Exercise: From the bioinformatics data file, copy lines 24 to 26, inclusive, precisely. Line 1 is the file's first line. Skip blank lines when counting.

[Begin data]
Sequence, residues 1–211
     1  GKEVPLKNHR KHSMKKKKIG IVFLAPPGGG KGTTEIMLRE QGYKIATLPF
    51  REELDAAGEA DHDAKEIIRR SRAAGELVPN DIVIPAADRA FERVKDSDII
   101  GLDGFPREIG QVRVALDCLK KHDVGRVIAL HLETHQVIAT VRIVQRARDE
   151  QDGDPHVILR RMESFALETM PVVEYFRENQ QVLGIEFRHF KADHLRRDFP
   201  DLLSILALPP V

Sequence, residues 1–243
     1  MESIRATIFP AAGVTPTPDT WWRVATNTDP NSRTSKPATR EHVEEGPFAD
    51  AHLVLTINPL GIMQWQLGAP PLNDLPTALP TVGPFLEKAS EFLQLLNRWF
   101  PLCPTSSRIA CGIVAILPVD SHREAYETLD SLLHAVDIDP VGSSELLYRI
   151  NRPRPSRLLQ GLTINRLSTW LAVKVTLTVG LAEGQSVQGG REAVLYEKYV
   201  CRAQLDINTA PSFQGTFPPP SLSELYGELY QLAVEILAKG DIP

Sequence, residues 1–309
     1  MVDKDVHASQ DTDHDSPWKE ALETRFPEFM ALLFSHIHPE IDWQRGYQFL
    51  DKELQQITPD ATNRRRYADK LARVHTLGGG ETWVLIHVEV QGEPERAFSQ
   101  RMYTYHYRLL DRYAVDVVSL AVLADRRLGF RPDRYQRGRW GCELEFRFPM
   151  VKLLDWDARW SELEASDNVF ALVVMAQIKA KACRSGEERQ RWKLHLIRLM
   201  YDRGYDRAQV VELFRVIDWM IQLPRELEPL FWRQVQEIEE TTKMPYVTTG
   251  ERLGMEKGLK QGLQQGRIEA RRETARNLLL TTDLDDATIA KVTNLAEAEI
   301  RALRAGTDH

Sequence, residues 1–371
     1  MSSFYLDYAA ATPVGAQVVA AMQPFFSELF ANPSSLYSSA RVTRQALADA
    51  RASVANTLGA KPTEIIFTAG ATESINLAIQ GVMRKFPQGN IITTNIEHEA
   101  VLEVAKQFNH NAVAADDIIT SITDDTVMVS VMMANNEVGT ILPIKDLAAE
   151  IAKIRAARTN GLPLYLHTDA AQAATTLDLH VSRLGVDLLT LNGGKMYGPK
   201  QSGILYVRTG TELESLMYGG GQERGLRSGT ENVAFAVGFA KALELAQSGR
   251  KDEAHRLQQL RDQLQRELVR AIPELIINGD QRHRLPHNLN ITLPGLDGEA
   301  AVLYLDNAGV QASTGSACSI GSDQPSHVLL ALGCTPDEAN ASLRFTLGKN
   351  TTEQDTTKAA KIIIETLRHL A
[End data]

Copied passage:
   101  VLEVAKQFNH NAVAADDIIT SITDDTVMVS VMMANNEVGT ILPIKDLAAE
   151  IAKIRAARTN GLPLYLHTDA AQAATTLDLH VSRLGVDLLT LNGGKMYGPK
   201  QSGILYVRTG TELESLMYGG GQERGLRSGT ENVAFAVGFA KALELAQSGR